Being a Near-Native Speaker

In her article entitled “On Being a Near-Native Speaker,” author Anna Babel reflects on her experience of being a “near-native” Spanish speaker and how her dialect of Spanish affects the way she is treated in Bolivia. Babel is a Spanish professor, but the dialect of Spanish that she speaks in is considered to be “non-prestigious.” She describes it as “a manner of speaking that educated Spanish speakers hear as rural, uneducated, lower-class, and above all, incorrect.” It is not that she does not know how to speak a more educated variety of Spanish, but she simply is able to speak this non-prestigious dialect the most fluently and with the most ease. While her ease and comfort with this dialect make her appear as though she could be a native speaker, she is still considered an outsider, but with certain insider qualifications. She is an outsider because of her class, upbringing and ethnicity, but at the same time, she is an insider because the sample population she studies is her husband’s family. She difficultly treads the lines of an insider/outsider between her professional and personal lives.

The author and her family at the baptism of her godson. Photo courtesy Maricel Fiorela Gutierrez Avila

Tag: The author and her family at the baptism of her godson. Photo courtesy Maricel Fiorela Gutierrez Avila

Her blurry insider/outsider status and her appearance as a near-native speaker additionally affects the way she is treated in Bolivia. If she is traveling with simply her husband, the couple is viewed professionally mostly and treated with respect. However, when her husband’s family is present, who represent a lower class standing than Babel and her husband, she is treated with much less respect. She could easily resort back to American roots to gain respect and behave like a tourist, but she knows it is this option of privilege that she possess that restricts her from being an insider.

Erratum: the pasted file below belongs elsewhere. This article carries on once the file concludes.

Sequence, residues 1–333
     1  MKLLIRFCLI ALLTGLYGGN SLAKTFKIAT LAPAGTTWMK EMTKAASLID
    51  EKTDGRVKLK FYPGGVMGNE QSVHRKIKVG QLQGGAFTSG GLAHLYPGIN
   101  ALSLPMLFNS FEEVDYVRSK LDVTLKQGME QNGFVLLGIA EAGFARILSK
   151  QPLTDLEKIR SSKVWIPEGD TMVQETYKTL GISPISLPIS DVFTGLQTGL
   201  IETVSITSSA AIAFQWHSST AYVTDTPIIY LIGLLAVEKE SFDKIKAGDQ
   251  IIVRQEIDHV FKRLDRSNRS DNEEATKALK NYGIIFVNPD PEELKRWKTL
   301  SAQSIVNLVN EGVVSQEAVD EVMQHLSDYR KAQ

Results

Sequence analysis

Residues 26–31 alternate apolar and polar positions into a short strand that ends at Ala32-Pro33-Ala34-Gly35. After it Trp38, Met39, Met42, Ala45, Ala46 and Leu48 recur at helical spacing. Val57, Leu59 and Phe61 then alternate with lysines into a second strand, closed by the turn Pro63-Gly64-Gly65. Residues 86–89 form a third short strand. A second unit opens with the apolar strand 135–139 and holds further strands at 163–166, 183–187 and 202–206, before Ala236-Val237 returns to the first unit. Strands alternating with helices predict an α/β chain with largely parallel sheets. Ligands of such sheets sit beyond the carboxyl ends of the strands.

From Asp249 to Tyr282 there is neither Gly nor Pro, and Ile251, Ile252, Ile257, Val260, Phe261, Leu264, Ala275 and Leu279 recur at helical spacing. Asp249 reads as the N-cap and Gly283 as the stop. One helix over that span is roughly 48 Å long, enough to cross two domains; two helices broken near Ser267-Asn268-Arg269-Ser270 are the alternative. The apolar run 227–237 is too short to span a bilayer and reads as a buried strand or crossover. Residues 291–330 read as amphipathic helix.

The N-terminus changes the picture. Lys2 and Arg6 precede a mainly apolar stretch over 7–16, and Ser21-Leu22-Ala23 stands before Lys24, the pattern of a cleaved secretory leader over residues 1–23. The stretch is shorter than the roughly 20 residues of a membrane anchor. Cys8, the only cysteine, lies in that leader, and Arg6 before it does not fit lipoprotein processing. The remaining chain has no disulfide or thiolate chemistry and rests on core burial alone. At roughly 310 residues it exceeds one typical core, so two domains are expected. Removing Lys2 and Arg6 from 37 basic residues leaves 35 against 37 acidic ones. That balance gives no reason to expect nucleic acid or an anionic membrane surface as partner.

For any anthropologist studying in a foreign country where the dominant language spoken is not his or her own, similar insider/outsider problems may arise. However, Babel’s situation is especially difficult because she has chosen to use people close to her as her sample population. She will always be regarded as a near-native speaker, regardless of how well her Spanish dialect is because of her American ethnicity and background.